Nothing worked, it was inevitable that Slats would resort to the standard approach of his generation. He tried to get the girls to drink too much.
Somebody told Slats that it would work better if he took the girl some place more romantic than a tavern. So on his next date, they went to the lounge at the bowling alley.
In the first hour, Slats excitedly ordered eight rounds of drinks. At exactly 9 o’clock, he toppled out of the booth and did not recover consciousness until the next morning.
Then somebody told him he should be sure to eat something heavy so the drinks would not affect him so quickly. Before the next date, he ate two plates of dumplings with gravy. He was fine until IO o’clock when he got sick and the bartender threw him out.
Then somebody advised him that he should signal to a bartender to make the girl’s drinks too strong and his weak. In the next date, he winked at the bartender every time he ordered another round. The bartender finally punched him in the mouth.
Slats didn’t quit trying, though, until a doctor told him that if he didn’t stop being so romantic, he would get cirrhosis of the liver and the DTs.
He took the advice and never again tried to use liquor to change a woman’s mind about anything. At least not until he was married and the woman was his wife, and that didn't work out because he hit her with the bottle.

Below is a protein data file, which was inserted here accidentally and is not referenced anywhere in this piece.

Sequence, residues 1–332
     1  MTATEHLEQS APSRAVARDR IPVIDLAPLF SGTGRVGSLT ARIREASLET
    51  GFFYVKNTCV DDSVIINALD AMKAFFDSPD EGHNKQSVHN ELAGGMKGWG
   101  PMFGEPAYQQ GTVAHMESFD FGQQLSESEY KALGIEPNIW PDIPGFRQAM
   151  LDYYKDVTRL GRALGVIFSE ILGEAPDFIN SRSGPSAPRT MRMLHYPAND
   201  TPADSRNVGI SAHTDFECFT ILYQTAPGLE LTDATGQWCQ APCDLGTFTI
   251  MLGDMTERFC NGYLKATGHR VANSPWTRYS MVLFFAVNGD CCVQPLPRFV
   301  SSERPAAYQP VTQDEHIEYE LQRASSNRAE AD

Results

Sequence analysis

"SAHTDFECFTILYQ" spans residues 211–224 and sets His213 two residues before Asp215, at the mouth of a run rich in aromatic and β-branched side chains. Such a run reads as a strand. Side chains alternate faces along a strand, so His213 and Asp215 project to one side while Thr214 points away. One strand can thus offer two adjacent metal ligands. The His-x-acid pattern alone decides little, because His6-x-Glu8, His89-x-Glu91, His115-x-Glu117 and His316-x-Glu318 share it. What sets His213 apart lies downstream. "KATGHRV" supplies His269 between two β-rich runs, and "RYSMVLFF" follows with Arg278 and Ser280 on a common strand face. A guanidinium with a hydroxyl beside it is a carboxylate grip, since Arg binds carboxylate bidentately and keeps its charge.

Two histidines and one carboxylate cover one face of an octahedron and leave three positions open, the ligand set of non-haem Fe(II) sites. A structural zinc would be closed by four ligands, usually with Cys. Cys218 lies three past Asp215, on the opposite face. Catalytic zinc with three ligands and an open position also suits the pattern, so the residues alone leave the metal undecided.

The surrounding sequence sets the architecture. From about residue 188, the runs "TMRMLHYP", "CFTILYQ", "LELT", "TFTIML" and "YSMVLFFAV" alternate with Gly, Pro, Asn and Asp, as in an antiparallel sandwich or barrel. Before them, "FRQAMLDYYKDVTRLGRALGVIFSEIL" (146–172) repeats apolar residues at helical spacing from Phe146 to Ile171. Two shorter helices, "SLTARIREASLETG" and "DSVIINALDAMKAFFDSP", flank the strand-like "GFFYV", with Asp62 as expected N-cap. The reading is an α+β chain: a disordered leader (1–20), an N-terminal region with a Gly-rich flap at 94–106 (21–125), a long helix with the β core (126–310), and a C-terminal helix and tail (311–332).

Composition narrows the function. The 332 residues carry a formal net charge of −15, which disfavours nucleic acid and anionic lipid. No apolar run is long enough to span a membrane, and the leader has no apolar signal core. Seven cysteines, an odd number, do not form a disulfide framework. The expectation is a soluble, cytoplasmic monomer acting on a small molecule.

Gov. Bill Clements Governor's Office State Capital Austin, Texas 70711
Lamar Smith United States House of Representatives 509 Cannon House Washington, D.C. 30515 U.S. Senator Lloyd Bentsen United States Senate Room 340, Russell Bldg. Washington, D.C. 30510
U.S. Sen. PhilGramm United States Senate Washington, D.C. 30510
State. Sen. William Sims Capitol Station P.O. Box 13068 Austin, Texas 70711
State Sen. Judith Zaffirini Capitol Station P.O. Box 13060 Austin, Texas 70711
U.S. Rep. Mac Sweeney (Guadalupe County)
United States House of Representatives 1713 Longworth House Office Bldg. Washington, D.C. 30515
State Rep. Edmund Kuempel Texas House of Representatives P.O. Box 3910 Austin, Texas 70769
the United States
The White House
1600 Pennsylvania Avenue
Washington, DX. 30500
Ii IAE "fa WAKE Up ANDINO
High schools are tough in Japan
WASHINGTON — Parents pay tuition; students wear uniforms; and education almost totally dominates a young person’s life. We’re talking about the teen-agers of Japan. Our own youngsters never had it this tough.
Last week s report on “Education in Japan” provides an engrossing look at a system far removed from education in the United States. Three years ago, a blue-ribbon commission sharply criticized our public high schools.
Our schools typically offer a kind of smorgasbord of courses — a taste of this, a smattering of that. American students, it was noted, rarely spend mole than seven hours a weekday at school.
Academic requirements for graduation are undemanding. Many of our schools are characterized by disorder, if not by violence. The drop-out rate is disturbing. Drug abuse and teen-age pregnancy are serious problems. Our high school graduates fare poorly in international competition.
Consider the contrasts.